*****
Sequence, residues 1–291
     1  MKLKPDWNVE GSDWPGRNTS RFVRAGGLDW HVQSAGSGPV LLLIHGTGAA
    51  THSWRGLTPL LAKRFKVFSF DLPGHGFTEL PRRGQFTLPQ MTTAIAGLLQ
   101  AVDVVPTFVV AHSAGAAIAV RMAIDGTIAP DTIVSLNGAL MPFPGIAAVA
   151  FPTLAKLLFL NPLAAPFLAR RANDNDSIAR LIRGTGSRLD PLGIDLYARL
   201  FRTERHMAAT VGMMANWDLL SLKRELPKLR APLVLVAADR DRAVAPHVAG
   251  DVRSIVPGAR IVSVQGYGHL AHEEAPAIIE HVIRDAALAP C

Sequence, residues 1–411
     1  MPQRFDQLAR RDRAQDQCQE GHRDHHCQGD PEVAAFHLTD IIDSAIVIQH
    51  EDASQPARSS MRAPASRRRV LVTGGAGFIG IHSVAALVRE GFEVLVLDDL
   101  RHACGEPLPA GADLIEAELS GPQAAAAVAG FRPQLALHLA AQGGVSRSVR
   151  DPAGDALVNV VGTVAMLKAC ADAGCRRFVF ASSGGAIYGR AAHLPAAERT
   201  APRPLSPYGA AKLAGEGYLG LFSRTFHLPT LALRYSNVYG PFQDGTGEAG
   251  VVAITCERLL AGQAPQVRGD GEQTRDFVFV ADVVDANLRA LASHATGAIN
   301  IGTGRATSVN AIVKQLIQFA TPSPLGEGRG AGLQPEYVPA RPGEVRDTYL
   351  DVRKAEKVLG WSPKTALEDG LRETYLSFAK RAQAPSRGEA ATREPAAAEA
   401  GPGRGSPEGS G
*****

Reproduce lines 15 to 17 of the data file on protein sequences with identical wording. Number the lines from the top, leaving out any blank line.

   301  IGTGRATSVN AIVKQLIQFA TPSPLGEGRG AGLQPEYVPA RPGEVRDTYL
   351  DVRKAEKVLG WSPKTALEDG LRETYLSFAK RAQAPSRGEA ATREPAAAEA
   401  GPGRGSPEGS G